LAURA CANNAMELA
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Waterfalls
I live near a gorge carved from glacial flow and eroded by waterfalls and a creek that empties into the Hudson River. The interconnectivity evident in the flow of water, the rock formations, the stratigraphy, and the topographical structure of the landscape continually reminds me of the vastness of geological time. To create my relief sculpture and suggest the detailed topography of waterfalls, gorges, and streambeds, I observe details embedded in natural forms that parallel the massive geological forces that shape landscape.

Observing various aspects of the falls and their environs every day, I have perceived many similarities between the erosion created through natural forces and sculpture created through carving, modeling, and cutting away layers of clay or paper. In both, there is a fusion of process and form that is crucial to the image perceived. In both, the positive space and the negative space are connected through the process of formation. In both, the form created suggests a relationship of past actions to the present, reflecting the continuity of time.

Throughout my observations of creek waters as they surge, meander, ripple, and drift, the words of Heraclitus are always with me. You never step into the same river twice, for it's not the same river and you are not the same person.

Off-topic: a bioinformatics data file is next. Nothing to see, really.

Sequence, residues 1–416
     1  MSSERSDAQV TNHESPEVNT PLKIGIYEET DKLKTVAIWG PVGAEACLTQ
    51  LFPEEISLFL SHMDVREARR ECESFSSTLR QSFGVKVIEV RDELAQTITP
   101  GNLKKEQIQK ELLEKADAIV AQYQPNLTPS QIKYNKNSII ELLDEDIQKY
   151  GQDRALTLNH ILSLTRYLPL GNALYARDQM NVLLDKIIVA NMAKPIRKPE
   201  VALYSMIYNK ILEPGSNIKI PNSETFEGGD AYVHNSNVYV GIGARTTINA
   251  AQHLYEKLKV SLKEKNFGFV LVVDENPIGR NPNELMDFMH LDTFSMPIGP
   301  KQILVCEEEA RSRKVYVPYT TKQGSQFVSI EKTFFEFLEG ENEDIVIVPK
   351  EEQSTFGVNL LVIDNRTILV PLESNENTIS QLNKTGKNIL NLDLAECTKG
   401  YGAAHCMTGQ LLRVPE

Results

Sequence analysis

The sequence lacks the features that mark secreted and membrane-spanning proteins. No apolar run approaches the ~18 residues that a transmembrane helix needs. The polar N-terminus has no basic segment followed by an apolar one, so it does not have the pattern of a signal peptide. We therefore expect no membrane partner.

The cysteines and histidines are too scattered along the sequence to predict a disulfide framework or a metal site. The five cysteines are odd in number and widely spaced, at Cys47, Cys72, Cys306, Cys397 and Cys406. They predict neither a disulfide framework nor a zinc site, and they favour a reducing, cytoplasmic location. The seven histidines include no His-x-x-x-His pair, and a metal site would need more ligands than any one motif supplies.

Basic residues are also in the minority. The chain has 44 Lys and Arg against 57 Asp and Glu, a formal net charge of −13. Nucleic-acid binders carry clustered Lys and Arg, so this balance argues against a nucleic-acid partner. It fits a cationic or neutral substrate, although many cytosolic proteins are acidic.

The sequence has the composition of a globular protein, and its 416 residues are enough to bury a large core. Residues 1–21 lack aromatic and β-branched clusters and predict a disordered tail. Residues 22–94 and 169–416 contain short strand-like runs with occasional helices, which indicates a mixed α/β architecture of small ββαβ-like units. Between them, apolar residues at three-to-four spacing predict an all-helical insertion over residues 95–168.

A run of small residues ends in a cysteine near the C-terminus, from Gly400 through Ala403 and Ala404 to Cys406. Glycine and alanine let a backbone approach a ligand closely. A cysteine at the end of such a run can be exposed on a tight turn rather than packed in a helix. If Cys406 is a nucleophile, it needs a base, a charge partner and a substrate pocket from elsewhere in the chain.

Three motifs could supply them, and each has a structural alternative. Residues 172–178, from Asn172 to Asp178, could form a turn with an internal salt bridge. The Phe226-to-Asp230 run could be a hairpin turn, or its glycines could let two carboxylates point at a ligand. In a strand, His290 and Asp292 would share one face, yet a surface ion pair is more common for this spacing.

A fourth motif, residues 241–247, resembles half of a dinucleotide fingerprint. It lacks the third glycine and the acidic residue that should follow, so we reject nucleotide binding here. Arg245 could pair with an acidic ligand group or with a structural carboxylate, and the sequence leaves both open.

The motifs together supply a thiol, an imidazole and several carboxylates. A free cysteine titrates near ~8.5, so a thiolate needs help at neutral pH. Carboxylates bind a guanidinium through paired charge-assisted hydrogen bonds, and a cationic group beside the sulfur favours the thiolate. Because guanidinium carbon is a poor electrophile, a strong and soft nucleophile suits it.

Genji series and earlier works
These works are informed by art historical sources, such as Japanese illustrations for Genji Monogatari (the Tale of Genji), Persian Miniatures illustrating the Khamza of Nizami, and Tibetan paintings of the Taras Who Protect from the Eight Dangers. I am interested in their variety of textures, colors, and patterns, and how these design elements are interwoven to create a balance between representational space and abstract form. My work focuses on this balance by leaving out the figures which are so central to the narrative works, reinterpreting these spaces without them.

Architectural forms and objects left behind allude to recent human presence; the absence of figures allows the emptiness of the implied spaces to be perceived. While empty of figures, these spaces are actually full: filled with texture and pattern, filled with layers of paper, filled with light and shadow. The interplay of empty implied space and full actual space blurs the distinction between image and object, between simulation and reality.